May 14, 2004
"Network Security Hacks": An Arsenal of Useful Techniques for Network Defense
Sebastopol, CA--Villains and rogues have a way of snaring our attention.
Perhaps it's our romantic conceptions of a life lived outside of the law.
Consider "black hat" hackers. It's easy to imbue these characters with
Robin Hood-like qualities--clever, daring, and always one step ahead of an
authoritarian establishment. We forget that their intent is malicious.
That is, we forget until it's directed toward us. Then, we see how pointless
and devastating the damage they wreak can be. The unsung heroes
are those who quietly protect our networks and data from intruders. It's
an endless and demanding task, not necessarily filled with high drama,
but one on which everyone who uses a computer or the Internet relies.
Network Security Hacks (O'Reilly, US $24.95) by Andrew Lockhart was
written for these individuals, and it offers a wealth of useful techniques
to make their job of detecting and dealing with intruders easier.
"The difference between 'white hat' and 'black hat' hackers isn't the tools
or the techniques they use (or even the color of their hats), but their intent,"
explains Lockhart. "The difference is subtle but important. White hat
hackers find that building secure systems presents an interesting challenge,
and their security can be tested only through a thorough knowledge of how
to subvert such systems. Black hat hackers--more appropriately called
'crackers'--pursue precisely the same knowledge, but without regard for the
people who built the systems or the servers they attack."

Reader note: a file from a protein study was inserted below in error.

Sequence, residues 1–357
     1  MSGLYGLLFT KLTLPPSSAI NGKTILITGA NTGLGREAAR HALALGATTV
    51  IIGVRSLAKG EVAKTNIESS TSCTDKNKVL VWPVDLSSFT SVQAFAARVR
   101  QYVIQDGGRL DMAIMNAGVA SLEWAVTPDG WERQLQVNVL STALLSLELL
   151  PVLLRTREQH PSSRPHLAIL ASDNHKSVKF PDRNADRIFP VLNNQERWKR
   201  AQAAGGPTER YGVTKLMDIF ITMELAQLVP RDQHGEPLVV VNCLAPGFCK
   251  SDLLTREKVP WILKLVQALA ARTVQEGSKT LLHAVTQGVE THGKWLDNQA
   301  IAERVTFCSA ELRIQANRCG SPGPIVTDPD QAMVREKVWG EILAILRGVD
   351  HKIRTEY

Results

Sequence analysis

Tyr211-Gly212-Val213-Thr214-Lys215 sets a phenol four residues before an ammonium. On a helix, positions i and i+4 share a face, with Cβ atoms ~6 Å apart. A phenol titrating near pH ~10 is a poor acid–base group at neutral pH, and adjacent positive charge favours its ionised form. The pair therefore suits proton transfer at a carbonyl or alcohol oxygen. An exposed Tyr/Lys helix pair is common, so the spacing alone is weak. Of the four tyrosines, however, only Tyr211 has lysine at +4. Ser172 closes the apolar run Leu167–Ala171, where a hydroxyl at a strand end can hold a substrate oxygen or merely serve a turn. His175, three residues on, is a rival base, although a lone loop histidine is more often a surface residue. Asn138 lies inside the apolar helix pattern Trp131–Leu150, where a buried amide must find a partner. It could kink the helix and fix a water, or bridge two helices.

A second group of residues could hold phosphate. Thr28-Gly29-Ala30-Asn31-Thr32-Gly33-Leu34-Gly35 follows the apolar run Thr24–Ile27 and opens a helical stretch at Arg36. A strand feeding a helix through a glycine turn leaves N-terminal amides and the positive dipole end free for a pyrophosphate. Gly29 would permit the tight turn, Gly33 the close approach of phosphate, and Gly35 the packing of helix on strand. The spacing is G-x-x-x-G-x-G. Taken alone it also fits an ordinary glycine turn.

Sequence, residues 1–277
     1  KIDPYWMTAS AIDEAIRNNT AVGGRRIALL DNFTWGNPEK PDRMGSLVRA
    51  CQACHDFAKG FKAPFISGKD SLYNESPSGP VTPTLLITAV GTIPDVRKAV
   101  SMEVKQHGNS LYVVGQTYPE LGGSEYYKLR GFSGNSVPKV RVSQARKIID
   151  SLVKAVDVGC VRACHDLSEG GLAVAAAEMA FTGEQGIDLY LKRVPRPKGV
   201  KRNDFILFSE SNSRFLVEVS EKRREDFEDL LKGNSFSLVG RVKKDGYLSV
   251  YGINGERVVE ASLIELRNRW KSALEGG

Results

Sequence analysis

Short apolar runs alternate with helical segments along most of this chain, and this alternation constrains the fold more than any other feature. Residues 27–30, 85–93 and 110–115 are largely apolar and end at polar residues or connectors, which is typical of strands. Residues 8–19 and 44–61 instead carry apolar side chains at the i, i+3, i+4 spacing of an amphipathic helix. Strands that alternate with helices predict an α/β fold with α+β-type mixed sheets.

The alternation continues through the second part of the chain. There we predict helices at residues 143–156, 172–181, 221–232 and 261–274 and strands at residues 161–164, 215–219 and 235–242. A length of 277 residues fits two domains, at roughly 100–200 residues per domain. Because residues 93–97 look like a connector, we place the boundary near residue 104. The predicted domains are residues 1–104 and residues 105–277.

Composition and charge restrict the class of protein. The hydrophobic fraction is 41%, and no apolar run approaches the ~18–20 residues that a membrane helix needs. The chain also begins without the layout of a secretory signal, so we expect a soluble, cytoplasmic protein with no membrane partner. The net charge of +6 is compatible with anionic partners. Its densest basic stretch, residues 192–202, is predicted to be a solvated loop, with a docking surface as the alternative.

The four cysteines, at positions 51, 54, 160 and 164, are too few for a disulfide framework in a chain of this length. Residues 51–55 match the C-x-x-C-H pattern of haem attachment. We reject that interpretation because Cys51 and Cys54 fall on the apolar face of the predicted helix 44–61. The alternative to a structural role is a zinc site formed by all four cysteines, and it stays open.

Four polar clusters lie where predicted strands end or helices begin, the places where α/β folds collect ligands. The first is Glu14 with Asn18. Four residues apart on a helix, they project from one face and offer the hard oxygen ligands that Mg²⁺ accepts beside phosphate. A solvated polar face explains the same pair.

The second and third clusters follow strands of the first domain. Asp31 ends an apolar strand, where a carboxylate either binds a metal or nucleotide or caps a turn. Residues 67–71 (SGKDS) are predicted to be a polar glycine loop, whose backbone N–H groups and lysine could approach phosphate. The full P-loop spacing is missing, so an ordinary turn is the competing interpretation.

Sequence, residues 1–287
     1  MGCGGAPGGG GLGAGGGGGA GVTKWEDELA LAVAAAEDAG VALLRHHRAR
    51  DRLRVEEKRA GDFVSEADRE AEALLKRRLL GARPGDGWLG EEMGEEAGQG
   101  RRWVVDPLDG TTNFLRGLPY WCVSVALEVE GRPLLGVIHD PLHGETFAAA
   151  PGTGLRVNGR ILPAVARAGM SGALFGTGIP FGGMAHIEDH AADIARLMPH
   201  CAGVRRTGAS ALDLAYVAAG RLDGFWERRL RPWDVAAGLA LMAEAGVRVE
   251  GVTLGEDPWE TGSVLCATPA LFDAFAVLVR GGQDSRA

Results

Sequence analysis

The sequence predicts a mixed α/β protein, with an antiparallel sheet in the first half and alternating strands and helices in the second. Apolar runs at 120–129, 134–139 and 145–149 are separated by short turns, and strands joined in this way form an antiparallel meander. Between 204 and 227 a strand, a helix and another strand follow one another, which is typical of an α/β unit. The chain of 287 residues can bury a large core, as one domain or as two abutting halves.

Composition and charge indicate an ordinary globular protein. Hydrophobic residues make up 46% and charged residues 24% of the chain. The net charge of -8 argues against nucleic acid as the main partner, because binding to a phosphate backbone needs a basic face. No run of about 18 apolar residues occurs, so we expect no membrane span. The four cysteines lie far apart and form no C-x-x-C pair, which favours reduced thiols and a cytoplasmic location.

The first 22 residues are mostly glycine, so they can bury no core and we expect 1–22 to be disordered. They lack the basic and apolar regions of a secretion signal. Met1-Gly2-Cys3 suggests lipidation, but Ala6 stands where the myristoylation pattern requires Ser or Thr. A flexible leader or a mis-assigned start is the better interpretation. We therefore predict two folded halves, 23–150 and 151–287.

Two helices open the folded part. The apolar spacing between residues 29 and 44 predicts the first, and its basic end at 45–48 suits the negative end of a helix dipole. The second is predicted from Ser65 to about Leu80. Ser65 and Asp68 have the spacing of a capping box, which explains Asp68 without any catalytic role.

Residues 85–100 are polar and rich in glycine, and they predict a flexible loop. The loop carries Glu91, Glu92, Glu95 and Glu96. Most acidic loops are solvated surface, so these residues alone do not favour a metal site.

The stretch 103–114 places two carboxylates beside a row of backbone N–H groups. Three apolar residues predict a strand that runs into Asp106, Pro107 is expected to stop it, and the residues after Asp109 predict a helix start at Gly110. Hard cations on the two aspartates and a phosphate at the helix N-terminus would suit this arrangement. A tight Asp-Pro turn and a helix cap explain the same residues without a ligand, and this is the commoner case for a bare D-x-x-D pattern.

Every day system crackers take advantage of vulnerable computers, turning
them into spam relays or participants in distributed denial-of-service attacks,
or using them to hide other unsavory activities. Network Security Hacks
presents 100 industrial-strength techniques that network and system
administrators can use to make sure their networks are not targets of
opportunity. Loaded with concise but powerful examples of applied
encryption, intrusion detection, logging, trending, and incident response,
this compendium of security hacks doesn't just cover securing TCP/IP-based
services, but also provides intelligent host-based security techniques.
Readers will learn how to detect the presence (and track every keystroke)
of network intruders, methods for protecting their networks and data using
strong encryption, and even techniques for laying traps for would-be
system crackers. The book presents important security tools, as well as
clever methods for using them to reveal timely and useful information
about what is happening on your network. Readers will learn how to:Monitor their network and services with advanced Intrusion Detection
Systems (IDS) such as Snort and Spade
Protect email and other critical services using strong encryption
Block network scanners that detect operating system identity, and even
fool them into thinking you are running another OS entirely
Securely connect two remote sites over the Internet using a number of
strong VPN solutions (including IPSec, OpenVPN, PPTP, Vtun, and even SSH)
Set up virtual networks (honeypots) that appear vulnerable to attack, in
order to divert and confuse attackers
Harden your Linux, BSD, and Windows hosts against attack
Detect, respond to, and recover from inevitable system compromises
Written for the intermediate to advanced network administrator, Network
Security Hacks divulges practical, ingenious solutions to real-world
networking problems. Using just one of these hacks will give readers an
edge in the battle for network security. The other ninety-nine make this
book absolutely invaluable.
Network Security Hacks
ISBN 0-596-00643-8, 298 pages, $24.95 US, $36.95 CA
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